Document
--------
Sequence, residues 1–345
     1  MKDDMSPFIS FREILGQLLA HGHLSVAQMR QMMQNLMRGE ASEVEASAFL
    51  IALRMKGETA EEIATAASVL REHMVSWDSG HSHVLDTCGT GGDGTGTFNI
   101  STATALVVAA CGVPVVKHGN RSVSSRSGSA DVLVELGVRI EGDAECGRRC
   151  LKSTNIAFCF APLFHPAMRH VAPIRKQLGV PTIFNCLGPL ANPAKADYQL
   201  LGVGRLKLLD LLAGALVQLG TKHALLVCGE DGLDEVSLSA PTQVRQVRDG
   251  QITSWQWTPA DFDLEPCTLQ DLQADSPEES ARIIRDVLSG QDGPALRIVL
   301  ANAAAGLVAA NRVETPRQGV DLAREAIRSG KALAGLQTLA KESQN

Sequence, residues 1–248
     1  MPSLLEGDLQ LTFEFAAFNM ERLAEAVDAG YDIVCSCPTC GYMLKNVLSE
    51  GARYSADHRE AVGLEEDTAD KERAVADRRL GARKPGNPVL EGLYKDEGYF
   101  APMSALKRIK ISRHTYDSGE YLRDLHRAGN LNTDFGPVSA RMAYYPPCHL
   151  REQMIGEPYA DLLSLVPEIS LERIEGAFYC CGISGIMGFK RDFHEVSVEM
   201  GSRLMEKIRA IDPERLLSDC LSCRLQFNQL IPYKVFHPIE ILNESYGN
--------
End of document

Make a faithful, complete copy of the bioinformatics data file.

Sequence, residues 1–345
     1  MKDDMSPFIS FREILGQLLA HGHLSVAQMR QMMQNLMRGE ASEVEASAFL
    51  IALRMKGETA EEIATAASVL REHMVSWDSG HSHVLDTCGT GGDGTGTFNI
   101  STATALVVAA CGVPVVKHGN RSVSSRSGSA DVLVELGVRI EGDAECGRRC
   151  LKSTNIAFCF APLFHPAMRH VAPIRKQLGV PTIFNCLGPL ANPAKADYQL
   201  LGVGRLKLLD LLAGALVQLG TKHALLVCGE DGLDEVSLSA PTQVRQVRDG
   251  QITSWQWTPA DFDLEPCTLQ DLQADSPEES ARIIRDVLSG QDGPALRIVL
   301  ANAAAGLVAA NRVETPRQGV DLAREAIRSG KALAGLQTLA KESQN

Sequence, residues 1–248
     1  MPSLLEGDLQ LTFEFAAFNM ERLAEAVDAG YDIVCSCPTC GYMLKNVLSE
    51  GARYSADHRE AVGLEEDTAD KERAVADRRL GARKPGNPVL EGLYKDEGYF
   101  APMSALKRIK ISRHTYDSGE YLRDLHRAGN LNTDFGPVSA RMAYYPPCHL
   151  REQMIGEPYA DLLSLVPEIS LERIEGAFYC CGISGIMGFK RDFHEVSVEM
   201  GSRLMEKIRA IDPERLLSDC LSCRLQFNQL IPYKVFHPIE ILNESYGN